Showing 347 results

Archival description
Business
Advanced search options
Print preview View:

322 results with digital objects Show results with digital objects

22 Holland Street West - The Queen's Hotel

The Queen’s Hotel (located at 22 Holland St. West) was built circa 1850, and was originally the Western Hotel. This photo (taken in the fall of 1995) shows the structure just before a major renovation. The hotel went “dry” during World War I. Bradford, like all of Ontario, was experiencing prohibition (even though Bradford had voted “wet”). The building originally had two storeys. A third floor and a flat roof were added later. It was heated with an old steam engine that had the undercarriage removed. The engine first burnt 4’ stacks of hardwood, then coal, and finally, oil. Eventually a new furnace was installed (most likely natural gas). The building was always warm and thought of as a home away from home.
Harry Lang, Celina and their children (Evelyn, George and Audrey) moved here from North Bay and bought the building in the 1920’s. They ran the Temperance House, and a board and dining service at this location. They had long-time help and boarders. Little John Cook ran a shop selling ice cream, chocolate bars, and smokes on the east side (down one step). A bus stop was added when bus service started. Len and Art Saint put a cement addition on the back of the building around 1938. At the rear, there was a chicken house, a roofed, open shed, and a laneway. Another shed ran south, and to the west was an ice house. There was open space to the north before the laneway and a barn for hay and horses. The barn had two stories and below there was a pig sty. North of the laneway there was another open shed, car storage, and a cooking kitchen on the back of the hotel (a little east of the back entrance). Jack Wilson worked for Harry Lang for many years. Mitch Hepburn brought in beer in 1934 and the building opened as the Queen’s Hotel. Businessmen had to chip in to buy a liquor license and Hepburn was the first supplier. Business was excellent and the hotel was really crowded. Before the arrival of the beer, the locals had used it as a place to play dominoes and checkers, and to conduct hunt camp and other organizations’ meetings. (1, 2, 4)

George Jackson

22 Holland Street West - The Queen's Hotel

The Queen’s Hotel (located at 22 Holland St. West) was built circa 1850. This photo (taken in the fall of 1995) shows the structure just before a major renovation. The hotel went “dry” during WWI. Bradford, like all of Ontario, was experiencing prohibition (even though Bradford had voted “wet”). The building originally had two storeys. A third floor and a flat roof were added later. It was heated with an old steam engine that had the undercarriage removed. The engine first burnt 4’ stacks of hardwood, then coal, and finally, oil. Eventually a new furnace was installed (most likely natural gas). The building was always warm and thought of as a home away from home.
Harry Lang, Celina and their children (Evelyn, George and Audrey) moved here from North Bay and bought the building in the 1920’s. They ran the Temperance House, and a board and dining service at this location. They had long-time help and boarders. Little John Cook ran a shop selling ice cream, chocolate bars, and smokes on the east side (down one step). A bus stop was added when bus service started. Len and Art Saint put a cement addition on the back of the building around 1938. At the rear, there was a chicken house, a roofed, open shed, and a laneway. Another shed ran south, and to the west was an ice house. There was open space to the north before the laneway and a barn for hay and horses. The barn had two stories and below there was a pig sty. North of the laneway there was another open shed, car storage, and a cooking kitchen on the back of the hotel (a little east of the back entrance). Jack Wilson worked for Harry Lang for many years. Mitch Hepburn brought in beer in 1934 and the building opened as the Queen’s Hotel. Businessmen had to chip in to buy a liquor license and Hepburn was the first supplier. Business was excellent and the hotel was really crowded. Before the arrival of the beer, the locals had used it as a place to play dominoes and checkers, and to conduct hunt camp and other organizations’ meetings. (1, 2, 4)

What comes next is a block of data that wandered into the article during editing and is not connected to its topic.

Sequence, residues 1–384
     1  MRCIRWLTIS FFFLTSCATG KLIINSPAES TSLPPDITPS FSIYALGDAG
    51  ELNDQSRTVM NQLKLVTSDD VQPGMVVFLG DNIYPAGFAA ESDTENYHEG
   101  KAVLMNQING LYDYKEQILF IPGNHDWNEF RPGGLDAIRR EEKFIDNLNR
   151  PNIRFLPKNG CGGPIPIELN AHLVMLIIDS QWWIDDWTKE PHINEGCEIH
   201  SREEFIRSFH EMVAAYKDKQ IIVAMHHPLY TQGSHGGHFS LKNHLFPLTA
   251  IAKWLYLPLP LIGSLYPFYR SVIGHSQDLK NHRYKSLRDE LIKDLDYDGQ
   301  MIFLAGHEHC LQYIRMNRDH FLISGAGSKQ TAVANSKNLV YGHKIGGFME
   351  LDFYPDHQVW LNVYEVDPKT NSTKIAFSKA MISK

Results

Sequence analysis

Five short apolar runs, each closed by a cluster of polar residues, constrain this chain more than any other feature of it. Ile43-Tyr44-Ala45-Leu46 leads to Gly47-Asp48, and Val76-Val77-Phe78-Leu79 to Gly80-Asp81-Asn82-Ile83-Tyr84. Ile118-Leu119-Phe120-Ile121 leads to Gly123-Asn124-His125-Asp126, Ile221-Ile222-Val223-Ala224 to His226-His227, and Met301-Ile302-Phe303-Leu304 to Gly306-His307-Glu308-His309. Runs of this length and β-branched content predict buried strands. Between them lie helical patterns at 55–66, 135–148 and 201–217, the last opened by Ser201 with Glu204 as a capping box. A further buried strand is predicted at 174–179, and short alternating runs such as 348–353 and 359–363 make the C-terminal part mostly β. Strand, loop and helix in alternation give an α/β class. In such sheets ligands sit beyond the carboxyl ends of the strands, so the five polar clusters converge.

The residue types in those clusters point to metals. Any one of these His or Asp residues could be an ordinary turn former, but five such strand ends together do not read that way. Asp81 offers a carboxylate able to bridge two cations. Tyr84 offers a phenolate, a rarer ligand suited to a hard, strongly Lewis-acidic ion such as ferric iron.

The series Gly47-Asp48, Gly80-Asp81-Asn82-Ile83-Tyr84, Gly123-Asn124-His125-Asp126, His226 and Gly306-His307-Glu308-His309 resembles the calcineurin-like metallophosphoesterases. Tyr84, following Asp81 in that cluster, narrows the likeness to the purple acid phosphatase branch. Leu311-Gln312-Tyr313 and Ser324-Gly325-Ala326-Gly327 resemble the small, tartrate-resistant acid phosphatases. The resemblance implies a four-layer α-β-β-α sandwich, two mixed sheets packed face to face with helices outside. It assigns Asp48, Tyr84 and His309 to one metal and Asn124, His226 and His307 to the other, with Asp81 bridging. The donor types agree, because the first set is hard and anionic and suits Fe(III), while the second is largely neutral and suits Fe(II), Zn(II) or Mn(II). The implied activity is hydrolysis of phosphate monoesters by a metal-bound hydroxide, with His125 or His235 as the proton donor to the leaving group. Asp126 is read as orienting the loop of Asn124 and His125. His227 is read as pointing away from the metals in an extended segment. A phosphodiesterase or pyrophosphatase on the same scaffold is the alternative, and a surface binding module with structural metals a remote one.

Please contact the Bradford West Gwillimbury Public Library (905-775-3328) if you have any other information about this photo.

George Jackson

23 and 27 Holland Street West

The building located at 23 Holland St. West may have been owned by George Stoddart Jr. at one time. It had living quarters upstairs. The ground floor once housed a bank (possibly the Imperial Bank) and there was a large vault in the back. The manager was Fred Stevens. He moved to Barrie when the bank closed. This left the Canadian Bank of Commerce as the only bank in Bradford at that time. The Bradford Witness newspaper, under the direction of Stewart and Ina McKenzie, later moved to this location from the Seim Building. (1, 2)
The building located at 27 Holland St. West also had living quarters upstairs. The ground floor housed the practice of lawyers Gardner, Morris and Denney for a while after WWII. Mrs. Marg Fallis lived upstairs for many years before moving to John Street. (1, 2)

George Jackson

23 Barrie Street Restaurant

The one-storey building with a flat roof located at 23 Barrie St. (as seen in the photo) replaces the round, metal building originally found on this site. It was an implement store and later the home of a pop business moved here by Keenty O’Keife (?) and run by Dave Smith (who helped deliver in and around the county). The building became a Chinese restaurant owned by Jack Pong around 1938. He ran it until after WWII (when he moved to Holland Street). (1, 2)